I had planned to post about sakura blossom season here in Tokyo and all things "hanami", but a couple of things happened recently that kind of detoured that line of thought.
Last week, as I was idling my way through the dark forest of Facebook (is there any other way?) a former colleague of mine who was online, told me that one guy at the office had died very unexpectedly during a business trip to Moscow. The guy in question (the dead guy) was a 60-something, rather odd character, perpetually in a hurry (this may have had to do with his demise, courtesy of a heart attack) and perpetually stealing from everybody's fruit basket when he thought nobody was watching (we knew it was him). He had grown up kids, about my age or older, and a properly much younger Russian girlfriend (as you do). Anyway, the news about his death really struck me as this guy was the last person from the company I met before returning to Tokyo this January. At that time he was en route to Moscow and we all shared the same plane to Frankfurt. We chatted a bit in the airport about work, I introduced Mr M and Bibu to him, we said our hurried goodbyes when people started to board the plane, and that was it.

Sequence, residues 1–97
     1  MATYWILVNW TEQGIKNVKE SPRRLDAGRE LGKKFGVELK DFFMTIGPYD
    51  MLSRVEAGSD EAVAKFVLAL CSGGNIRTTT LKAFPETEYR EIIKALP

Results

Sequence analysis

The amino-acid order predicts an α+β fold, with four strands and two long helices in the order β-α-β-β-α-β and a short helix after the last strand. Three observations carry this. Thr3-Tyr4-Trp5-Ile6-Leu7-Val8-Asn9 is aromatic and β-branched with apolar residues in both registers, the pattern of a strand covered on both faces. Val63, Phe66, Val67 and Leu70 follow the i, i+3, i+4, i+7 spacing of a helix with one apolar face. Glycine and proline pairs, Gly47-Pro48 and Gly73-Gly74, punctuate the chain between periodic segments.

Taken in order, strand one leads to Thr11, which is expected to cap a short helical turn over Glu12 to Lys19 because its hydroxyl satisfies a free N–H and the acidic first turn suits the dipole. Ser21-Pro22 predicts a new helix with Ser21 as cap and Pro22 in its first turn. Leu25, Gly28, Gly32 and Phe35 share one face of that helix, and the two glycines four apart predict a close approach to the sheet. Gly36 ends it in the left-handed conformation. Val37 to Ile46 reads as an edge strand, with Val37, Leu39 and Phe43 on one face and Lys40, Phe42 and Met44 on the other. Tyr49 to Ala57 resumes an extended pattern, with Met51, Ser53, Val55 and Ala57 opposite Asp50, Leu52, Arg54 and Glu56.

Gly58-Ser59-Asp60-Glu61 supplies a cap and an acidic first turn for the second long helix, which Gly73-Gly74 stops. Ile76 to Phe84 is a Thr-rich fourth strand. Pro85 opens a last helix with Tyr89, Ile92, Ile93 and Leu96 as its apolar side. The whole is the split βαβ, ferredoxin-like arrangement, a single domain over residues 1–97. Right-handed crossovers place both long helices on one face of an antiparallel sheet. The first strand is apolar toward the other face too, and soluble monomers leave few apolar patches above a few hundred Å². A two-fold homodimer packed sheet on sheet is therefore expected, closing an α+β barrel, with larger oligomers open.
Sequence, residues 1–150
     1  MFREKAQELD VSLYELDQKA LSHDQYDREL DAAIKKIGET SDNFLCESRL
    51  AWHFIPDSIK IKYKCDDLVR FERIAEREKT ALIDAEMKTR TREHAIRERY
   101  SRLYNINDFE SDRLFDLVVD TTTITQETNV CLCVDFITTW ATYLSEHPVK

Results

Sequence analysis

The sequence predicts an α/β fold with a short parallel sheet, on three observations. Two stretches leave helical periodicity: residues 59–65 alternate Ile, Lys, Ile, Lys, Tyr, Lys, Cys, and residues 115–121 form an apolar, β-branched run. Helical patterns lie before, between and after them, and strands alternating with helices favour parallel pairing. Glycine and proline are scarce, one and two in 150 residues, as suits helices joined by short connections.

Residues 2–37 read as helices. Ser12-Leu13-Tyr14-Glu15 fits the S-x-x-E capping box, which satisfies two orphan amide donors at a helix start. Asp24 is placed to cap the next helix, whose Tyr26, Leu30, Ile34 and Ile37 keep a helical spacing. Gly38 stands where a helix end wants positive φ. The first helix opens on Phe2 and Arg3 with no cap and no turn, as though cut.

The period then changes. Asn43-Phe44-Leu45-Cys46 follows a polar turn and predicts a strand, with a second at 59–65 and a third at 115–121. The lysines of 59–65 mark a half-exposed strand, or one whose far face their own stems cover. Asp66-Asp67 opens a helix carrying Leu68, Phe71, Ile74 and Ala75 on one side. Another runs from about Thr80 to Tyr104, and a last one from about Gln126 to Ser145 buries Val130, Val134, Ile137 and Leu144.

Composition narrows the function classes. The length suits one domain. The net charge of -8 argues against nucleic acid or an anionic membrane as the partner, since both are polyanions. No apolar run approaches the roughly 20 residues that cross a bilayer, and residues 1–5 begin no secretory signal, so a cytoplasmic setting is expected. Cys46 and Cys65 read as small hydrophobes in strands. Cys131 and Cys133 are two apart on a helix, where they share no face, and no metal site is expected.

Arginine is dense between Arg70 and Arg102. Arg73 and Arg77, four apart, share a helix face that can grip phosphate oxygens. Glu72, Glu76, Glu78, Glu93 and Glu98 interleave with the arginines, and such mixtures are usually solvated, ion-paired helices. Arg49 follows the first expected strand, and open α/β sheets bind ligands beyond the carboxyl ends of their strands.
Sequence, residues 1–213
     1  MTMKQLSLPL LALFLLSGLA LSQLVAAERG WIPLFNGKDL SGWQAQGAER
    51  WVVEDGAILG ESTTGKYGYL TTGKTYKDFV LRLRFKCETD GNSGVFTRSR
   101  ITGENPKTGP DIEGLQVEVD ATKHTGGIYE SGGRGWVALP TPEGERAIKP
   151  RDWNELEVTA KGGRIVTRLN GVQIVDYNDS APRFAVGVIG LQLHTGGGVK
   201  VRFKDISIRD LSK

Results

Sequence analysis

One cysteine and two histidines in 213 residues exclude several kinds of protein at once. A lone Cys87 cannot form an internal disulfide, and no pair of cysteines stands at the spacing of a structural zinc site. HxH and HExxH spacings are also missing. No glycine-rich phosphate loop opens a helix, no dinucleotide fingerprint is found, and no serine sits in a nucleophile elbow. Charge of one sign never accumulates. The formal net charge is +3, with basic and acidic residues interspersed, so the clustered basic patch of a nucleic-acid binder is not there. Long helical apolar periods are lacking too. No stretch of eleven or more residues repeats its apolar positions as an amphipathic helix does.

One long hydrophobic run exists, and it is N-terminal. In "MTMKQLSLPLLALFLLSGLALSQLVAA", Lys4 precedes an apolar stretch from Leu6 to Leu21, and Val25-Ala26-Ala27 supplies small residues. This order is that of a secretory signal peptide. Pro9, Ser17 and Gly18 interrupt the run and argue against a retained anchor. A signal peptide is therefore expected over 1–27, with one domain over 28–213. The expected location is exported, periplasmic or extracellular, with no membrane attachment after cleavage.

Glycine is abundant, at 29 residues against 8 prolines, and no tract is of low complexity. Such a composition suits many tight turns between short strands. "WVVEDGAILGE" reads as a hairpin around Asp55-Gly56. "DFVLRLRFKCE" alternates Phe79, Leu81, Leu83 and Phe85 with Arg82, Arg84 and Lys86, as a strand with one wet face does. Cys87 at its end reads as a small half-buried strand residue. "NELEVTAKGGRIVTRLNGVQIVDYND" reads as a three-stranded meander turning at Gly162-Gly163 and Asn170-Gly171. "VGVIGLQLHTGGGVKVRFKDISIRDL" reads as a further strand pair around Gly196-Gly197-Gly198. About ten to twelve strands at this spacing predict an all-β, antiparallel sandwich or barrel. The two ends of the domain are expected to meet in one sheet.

Now this guy is dead.
On another unrelated piece of news, one of the teachers at Bibu's daycare said her goodbyes last week, as she was returning to the Netherlands, where she is from, in order to follow some treatment for an unspecified illness, which could most likelly be depression, althought the "d" word was never mentioned. This lady had moved to Tokyo 15 years ago, to help raise her sister's daughter and had worked non-stop since then, taking little holidays and generally putting other people's needs before her, I think. So her mum came to Tokyo to take her back and it's not very clear when or whether she will be back.
These two unrelated events have been humming in my mind for a few days already. About this dead guy, I keep thinking, did he know, back in January, that he had only three months to live? How did he live those last three months? Did he live them in the midst of petty, everyday stuff, driving his car and checking emails and going to the supermarket and cleaning under his nails and clipping the hairs in this nostrils? And the teacher, does she want to be back in Europe? How is it to leave behind a life of 15 years and go back to a country that has not been your "home" for an eternity?
I am thinking about this as spring in Tokyo finally makes its way forward, sashaying its delicate frame through the falling petals of the cherry trees.